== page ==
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Education and Counseling for Individuals Affected by Oppositional Defiant Disorder and ADHD

I have one disagreement with my husband...

Dear Mark,

I also have one disagreement with my husband. My son doesn't do any chores around the house and my husband also waits on him hand and foot (e.g., bringing him bowls of cereal while he is watching TV).

My son is 14 years and could quite easily get his own cereal. I refuse to do this except when he is running late in the morning. He thinks that I am being mean in not waiting on him, but I think that he is old enough to do this himself. What are your views on this?

Regards, G.
___________

Hi G.,

As you may know from reading my e-book, “self-reliance” is key. We want our kids to develop self-reliance. How? By setting up a system where they have to earn their material items and activities (stuff and freedom).

We help our children purchase material things with their own money (e.g., from an allowance, money earned by doing chores, money earned from their place of employment, etc.). And, we help our children earn freedom (e.g., by following rules, doing chores, accepting appropriate discipline for misbehavior, meeting reasonable parental expectations).

Self-reliance boosts emotional development, and reduces their resentment and sense of entitlement. As parents, we want to try to duplicate (for the child) how the real world operates, because one day soon, they will be out in the real world and will need to be prepared for it.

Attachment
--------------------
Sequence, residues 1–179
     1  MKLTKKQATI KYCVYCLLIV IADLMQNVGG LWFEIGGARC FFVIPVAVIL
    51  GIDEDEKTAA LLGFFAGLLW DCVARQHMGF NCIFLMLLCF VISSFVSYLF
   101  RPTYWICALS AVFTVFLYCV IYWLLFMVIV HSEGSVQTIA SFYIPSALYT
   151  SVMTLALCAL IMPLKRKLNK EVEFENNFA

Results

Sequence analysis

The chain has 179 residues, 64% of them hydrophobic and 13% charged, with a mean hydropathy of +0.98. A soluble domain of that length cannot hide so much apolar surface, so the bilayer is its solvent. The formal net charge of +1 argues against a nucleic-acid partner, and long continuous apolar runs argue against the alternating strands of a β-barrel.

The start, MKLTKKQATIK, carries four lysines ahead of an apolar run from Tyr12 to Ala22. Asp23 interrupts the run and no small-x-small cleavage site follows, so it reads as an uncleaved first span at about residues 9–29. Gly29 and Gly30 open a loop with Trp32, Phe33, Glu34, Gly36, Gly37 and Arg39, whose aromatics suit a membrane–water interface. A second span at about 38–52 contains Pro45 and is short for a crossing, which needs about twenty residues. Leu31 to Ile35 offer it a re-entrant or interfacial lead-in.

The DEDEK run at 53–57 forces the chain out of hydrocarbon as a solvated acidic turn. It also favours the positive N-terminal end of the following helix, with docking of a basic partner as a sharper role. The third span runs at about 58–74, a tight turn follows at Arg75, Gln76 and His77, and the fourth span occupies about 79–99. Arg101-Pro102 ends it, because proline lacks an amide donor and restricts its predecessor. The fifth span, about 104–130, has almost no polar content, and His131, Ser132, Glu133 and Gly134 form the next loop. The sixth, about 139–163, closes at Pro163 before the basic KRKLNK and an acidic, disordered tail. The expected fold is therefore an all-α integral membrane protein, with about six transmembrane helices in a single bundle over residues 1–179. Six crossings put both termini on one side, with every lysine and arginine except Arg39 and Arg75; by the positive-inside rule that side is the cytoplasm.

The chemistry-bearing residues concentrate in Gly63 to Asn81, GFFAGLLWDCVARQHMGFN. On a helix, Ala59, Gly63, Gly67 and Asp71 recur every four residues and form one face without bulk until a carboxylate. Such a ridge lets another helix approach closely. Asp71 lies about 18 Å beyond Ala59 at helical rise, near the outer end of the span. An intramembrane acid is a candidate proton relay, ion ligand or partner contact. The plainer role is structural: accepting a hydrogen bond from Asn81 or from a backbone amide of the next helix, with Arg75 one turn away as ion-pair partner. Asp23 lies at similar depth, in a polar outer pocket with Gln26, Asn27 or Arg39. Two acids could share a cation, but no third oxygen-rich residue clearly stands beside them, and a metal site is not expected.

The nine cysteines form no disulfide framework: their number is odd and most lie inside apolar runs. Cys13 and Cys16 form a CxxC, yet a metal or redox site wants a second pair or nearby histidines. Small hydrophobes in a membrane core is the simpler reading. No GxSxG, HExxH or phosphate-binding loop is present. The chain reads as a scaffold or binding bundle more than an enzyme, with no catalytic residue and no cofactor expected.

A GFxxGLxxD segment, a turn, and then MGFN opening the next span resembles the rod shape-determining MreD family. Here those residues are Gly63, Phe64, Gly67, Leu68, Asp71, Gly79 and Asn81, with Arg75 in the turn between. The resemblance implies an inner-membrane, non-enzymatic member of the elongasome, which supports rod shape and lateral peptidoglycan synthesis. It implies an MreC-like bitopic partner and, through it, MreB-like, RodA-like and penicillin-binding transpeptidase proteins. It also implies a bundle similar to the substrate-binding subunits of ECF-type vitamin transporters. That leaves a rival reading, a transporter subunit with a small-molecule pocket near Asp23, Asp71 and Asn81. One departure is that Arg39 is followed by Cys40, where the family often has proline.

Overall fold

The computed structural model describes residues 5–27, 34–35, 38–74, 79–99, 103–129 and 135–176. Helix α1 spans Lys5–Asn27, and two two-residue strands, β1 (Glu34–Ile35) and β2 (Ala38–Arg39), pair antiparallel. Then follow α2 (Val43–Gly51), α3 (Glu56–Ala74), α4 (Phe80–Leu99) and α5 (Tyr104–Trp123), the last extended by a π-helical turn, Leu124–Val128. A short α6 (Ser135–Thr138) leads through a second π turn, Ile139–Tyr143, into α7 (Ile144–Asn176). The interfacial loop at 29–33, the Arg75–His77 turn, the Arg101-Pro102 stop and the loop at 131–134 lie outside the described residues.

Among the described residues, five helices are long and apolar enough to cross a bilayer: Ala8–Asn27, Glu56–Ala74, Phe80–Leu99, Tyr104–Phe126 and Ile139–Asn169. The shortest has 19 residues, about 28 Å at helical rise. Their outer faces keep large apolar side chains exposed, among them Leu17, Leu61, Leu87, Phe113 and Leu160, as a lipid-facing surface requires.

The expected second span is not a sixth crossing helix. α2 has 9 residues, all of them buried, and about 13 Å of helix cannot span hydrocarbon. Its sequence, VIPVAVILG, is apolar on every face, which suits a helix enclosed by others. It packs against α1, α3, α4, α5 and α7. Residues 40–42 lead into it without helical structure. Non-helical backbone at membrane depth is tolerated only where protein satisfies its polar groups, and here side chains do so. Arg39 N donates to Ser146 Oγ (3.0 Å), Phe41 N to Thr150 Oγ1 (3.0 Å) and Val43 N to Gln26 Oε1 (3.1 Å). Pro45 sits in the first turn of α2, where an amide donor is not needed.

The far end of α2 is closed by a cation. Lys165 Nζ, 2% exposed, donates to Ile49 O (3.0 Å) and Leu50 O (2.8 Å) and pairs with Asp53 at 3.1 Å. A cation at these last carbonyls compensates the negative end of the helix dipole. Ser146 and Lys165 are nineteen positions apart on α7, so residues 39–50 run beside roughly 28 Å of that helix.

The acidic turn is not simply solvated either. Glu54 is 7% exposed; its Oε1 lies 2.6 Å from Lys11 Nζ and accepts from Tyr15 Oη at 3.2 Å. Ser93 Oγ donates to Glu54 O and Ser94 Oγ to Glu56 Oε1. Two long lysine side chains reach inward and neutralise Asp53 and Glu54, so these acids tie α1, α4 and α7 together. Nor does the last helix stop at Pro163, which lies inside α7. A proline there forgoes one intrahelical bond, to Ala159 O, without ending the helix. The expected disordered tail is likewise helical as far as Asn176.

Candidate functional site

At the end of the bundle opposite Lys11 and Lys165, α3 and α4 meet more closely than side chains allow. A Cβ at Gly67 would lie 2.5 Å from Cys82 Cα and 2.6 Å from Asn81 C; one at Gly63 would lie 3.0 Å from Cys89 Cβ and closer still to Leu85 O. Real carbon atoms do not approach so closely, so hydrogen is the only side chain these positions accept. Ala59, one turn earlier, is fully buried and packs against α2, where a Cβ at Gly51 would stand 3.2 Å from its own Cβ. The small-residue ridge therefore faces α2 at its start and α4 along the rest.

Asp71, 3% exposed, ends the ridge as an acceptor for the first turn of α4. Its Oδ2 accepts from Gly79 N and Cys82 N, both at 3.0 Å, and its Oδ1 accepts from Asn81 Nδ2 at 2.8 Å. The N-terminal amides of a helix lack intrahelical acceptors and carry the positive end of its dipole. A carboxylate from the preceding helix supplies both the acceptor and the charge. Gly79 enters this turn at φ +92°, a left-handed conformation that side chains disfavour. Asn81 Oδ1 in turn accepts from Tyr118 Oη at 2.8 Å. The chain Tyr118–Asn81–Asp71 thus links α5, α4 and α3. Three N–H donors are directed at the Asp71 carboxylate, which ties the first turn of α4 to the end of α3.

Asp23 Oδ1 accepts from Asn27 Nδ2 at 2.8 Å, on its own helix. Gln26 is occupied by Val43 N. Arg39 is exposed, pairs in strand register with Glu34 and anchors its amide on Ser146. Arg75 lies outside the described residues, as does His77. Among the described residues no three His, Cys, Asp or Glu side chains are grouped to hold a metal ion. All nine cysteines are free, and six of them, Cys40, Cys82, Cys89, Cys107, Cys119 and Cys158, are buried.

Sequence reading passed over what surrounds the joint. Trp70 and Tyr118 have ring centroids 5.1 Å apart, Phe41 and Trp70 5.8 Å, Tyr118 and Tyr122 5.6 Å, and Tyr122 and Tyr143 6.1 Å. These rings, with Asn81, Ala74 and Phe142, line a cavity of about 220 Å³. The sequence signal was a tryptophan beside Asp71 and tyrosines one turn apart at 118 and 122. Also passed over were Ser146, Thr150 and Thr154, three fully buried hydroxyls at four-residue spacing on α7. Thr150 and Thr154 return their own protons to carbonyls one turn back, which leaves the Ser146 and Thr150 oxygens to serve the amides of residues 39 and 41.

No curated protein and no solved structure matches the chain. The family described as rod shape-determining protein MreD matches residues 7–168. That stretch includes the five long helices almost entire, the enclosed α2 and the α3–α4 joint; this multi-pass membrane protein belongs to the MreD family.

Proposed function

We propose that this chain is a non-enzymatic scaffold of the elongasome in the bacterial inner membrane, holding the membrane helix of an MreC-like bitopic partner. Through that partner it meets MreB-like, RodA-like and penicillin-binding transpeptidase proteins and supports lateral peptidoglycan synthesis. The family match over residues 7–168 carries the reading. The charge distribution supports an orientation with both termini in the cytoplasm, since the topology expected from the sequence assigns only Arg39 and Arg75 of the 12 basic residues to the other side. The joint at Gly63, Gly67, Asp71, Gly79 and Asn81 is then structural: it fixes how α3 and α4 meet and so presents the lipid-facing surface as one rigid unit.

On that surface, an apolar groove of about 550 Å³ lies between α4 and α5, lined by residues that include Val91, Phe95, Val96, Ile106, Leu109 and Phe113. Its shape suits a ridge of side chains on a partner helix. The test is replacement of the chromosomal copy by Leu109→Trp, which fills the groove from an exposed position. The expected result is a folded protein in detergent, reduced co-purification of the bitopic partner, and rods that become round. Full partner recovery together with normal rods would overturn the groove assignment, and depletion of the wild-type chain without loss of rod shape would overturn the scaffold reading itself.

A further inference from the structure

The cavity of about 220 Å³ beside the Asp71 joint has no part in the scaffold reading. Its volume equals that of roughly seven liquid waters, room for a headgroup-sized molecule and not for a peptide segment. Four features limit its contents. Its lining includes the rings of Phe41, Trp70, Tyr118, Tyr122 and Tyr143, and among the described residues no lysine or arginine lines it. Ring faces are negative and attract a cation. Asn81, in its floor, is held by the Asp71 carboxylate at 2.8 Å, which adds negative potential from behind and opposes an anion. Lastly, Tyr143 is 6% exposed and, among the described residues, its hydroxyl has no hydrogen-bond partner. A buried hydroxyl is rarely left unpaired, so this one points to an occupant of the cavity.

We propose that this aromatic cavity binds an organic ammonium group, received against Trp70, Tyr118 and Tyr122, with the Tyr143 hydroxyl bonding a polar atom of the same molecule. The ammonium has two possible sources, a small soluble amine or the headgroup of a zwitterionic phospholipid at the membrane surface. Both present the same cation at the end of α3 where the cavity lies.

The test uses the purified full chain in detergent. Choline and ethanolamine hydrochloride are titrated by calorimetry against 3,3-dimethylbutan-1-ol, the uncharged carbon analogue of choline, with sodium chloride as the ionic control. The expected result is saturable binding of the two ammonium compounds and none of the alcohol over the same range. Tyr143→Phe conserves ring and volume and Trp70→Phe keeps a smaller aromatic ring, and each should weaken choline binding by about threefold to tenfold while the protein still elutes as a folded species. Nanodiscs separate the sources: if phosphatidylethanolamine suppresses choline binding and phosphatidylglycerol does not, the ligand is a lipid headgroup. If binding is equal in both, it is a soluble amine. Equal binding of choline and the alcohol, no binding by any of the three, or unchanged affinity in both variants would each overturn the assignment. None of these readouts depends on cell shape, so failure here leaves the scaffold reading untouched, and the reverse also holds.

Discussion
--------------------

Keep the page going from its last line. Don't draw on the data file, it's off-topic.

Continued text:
In the real world -- as an adult – one has daily chores or tasks that must be performed. In the real world, one has to wait on himself (unless he is at a restaurant, but even then he pays for service in the form of a tip).

When we make things too comfortable for our teens, they come to expect this kind of treatment from others when they leave the nest and enter the world. Unfortunately, they often find themselves in a form of culture shock when they realize that other people do not treat them the same way good old mom and dad did. Now they have to play “catch up” (i.e., develop social skills they never developed as a teen because they were overly dependent on the parent).

Whenever you are undecided about what to do with your child, always ask yourself the following questions: “Will the action that I’m about take with my child inhibit the development of self-reliance, or will it promote the development of self-reliance.” If it promotes development, then it’s a good decision. If not, it’s a disservice to the child that will cause problems for him in the future.

Good question,

Mark Hutten, M.A.

Click here for more help ==>  www.MyOutOfControlTeen.com

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